Good fathers want what’s best for their daughtersa strong education, a loving family, a healthy life. But what happens when these same parents tell sexist jokes to their friends or build disparaging remarks about women in front of their sons? What is the connection between that behavior and the terrifying reality that one in three women will be a victim of sexual or physical violence in her life?
CARE Norway, a branch of the anti-poverty global confederation CARE International, addressed these questions in a new PSA, #DearDaddythat debuted on YouTube on Dec. 4. It’s narrated by a newly-born daughter dictating a letter to her father, in which she tells him about the dangers she will face during adolescence and adulthood. She describes growing up in world where micro-aggressionssmall slights and jokes that seem harmless on their ownquickly snowball into major, un-ignorable aggressiveness. She explains that a culture that allows boys to stimulate taunting statements about girls being “whores” and “bitches” is what gradually makes acceptance of assault, rape, and battery.
Its a powerful yet difficult video to watch: Accompanying the narrators words are re-enactments of violent situations, including a drunken assault at a party and a physical altercation between an adult woman and her boyfriend.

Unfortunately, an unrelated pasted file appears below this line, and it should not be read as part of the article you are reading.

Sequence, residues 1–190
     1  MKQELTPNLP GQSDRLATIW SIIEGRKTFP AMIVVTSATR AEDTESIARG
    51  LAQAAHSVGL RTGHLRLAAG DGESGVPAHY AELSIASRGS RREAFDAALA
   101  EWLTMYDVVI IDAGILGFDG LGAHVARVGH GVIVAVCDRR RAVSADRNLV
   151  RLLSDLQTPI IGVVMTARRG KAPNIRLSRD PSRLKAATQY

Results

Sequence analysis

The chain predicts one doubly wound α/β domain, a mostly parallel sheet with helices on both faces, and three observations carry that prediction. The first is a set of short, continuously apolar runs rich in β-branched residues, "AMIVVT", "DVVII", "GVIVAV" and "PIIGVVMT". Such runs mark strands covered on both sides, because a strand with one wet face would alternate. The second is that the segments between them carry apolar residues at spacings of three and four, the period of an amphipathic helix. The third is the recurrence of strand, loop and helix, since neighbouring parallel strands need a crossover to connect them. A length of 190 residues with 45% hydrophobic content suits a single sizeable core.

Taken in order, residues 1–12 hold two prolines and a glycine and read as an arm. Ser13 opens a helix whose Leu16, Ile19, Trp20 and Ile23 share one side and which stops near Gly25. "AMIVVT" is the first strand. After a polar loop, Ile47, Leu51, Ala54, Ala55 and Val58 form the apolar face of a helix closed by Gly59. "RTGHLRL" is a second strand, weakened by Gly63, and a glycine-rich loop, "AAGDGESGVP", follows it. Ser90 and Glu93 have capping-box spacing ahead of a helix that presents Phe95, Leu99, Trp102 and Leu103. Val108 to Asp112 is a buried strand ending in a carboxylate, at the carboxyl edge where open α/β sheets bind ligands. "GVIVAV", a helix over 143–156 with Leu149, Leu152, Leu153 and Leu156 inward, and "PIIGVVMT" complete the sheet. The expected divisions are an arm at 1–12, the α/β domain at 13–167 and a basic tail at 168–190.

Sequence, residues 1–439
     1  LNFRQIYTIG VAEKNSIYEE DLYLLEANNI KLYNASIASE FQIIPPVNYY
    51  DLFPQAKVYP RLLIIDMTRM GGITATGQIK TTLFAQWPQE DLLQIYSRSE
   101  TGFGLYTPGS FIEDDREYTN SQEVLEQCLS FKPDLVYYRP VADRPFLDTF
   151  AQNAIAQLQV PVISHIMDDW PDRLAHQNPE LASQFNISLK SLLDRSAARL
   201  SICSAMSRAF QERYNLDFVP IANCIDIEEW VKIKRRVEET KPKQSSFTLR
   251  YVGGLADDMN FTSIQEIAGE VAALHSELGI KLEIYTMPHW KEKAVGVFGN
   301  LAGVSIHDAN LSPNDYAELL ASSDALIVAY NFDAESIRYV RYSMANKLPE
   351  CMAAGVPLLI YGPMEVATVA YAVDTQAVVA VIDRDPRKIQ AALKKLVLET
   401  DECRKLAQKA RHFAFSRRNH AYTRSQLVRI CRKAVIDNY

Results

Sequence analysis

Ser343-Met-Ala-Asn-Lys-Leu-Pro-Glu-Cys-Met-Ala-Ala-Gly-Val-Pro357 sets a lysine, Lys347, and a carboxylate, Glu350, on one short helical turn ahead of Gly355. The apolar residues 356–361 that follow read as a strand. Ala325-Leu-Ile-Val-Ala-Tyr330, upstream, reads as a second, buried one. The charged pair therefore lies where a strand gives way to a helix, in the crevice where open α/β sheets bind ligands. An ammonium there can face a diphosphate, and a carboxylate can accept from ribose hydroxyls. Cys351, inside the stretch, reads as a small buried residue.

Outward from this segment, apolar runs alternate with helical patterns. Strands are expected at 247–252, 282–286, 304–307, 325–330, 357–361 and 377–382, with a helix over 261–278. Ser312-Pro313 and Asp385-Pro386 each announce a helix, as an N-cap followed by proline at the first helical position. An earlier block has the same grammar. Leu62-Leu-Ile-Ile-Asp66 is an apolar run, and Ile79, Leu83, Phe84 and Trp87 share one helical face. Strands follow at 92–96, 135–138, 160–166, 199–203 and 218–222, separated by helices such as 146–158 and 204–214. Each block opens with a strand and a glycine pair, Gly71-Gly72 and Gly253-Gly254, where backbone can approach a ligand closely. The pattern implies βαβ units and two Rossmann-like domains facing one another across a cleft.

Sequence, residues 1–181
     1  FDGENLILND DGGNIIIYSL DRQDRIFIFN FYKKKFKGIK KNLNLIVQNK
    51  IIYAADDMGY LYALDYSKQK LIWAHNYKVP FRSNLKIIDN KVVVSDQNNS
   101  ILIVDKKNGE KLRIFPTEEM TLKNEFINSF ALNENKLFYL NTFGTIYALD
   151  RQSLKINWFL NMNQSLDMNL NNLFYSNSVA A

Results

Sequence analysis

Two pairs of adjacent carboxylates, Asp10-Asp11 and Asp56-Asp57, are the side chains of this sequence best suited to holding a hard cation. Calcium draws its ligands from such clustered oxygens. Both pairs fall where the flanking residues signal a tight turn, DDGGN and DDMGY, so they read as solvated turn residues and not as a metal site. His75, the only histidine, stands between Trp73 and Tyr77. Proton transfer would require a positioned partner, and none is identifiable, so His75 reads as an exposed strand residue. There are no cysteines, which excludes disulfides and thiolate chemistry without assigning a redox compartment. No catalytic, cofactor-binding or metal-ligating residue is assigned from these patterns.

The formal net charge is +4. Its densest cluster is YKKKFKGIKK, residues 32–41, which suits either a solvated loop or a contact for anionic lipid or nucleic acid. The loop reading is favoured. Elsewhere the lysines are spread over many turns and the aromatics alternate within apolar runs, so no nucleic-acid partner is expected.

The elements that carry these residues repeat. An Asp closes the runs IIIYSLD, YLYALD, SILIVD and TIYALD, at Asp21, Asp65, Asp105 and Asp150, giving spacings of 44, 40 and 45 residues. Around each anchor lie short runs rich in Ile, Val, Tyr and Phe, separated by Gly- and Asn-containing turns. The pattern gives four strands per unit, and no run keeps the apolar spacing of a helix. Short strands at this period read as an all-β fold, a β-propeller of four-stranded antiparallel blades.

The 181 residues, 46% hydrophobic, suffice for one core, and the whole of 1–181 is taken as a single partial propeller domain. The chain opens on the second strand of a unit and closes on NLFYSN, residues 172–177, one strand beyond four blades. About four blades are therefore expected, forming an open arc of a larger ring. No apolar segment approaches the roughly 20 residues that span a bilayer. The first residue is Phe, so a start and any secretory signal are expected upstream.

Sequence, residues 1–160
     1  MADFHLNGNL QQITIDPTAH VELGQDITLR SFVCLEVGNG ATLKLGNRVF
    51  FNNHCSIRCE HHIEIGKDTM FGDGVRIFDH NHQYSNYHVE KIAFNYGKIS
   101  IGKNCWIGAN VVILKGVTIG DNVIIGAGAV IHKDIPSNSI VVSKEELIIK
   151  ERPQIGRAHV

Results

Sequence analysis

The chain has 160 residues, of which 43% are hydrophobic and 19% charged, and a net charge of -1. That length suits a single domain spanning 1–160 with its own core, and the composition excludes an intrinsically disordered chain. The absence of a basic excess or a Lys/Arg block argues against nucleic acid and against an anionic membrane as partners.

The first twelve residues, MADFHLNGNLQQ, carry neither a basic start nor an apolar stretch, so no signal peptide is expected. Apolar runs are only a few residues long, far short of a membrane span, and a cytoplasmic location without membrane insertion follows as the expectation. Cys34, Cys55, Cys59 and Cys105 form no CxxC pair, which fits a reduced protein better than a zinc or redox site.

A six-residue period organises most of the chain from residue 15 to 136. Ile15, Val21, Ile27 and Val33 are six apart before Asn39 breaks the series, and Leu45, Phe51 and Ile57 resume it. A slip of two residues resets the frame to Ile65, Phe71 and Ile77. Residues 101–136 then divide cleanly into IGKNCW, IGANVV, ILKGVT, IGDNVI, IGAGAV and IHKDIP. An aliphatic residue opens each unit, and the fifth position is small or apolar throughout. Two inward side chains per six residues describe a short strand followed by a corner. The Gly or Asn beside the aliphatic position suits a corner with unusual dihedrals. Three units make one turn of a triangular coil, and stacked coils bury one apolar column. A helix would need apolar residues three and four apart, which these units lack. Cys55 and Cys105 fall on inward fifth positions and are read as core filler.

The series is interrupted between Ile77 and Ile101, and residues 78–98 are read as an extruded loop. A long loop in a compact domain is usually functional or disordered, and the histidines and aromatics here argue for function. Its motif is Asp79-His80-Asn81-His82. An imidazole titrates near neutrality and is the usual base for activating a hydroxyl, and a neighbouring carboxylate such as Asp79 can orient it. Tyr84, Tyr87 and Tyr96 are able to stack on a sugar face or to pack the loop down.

“One thing always leads to another, ” the narrator says, before asking her father to “please stop it before it has the chance to begin.”
The video’s call-to-action fosters fathers not to let their sons call girls by hurtful names, and to not laugh at sexist remarks made by friends or strangers. If such behavior is deterred when it can still be classified as a micro-aggression, it may aid in preventing much more serious violations later in life.
“Dear Daddy, I will be born a girl, ” the narrator pleads, in a heartbreaking conclusion. “Please do everything you can so that that won’t stay the greatest danger of all.”
Already, #DearDaddy is striking a chord in the hearts and intellects of people across the globe. In the two weeks since CARE Norway uploaded the video to YouTube, it has garnered virtually 3 million views. To learn more about CARE Internationals work to end violence against females, visit their website.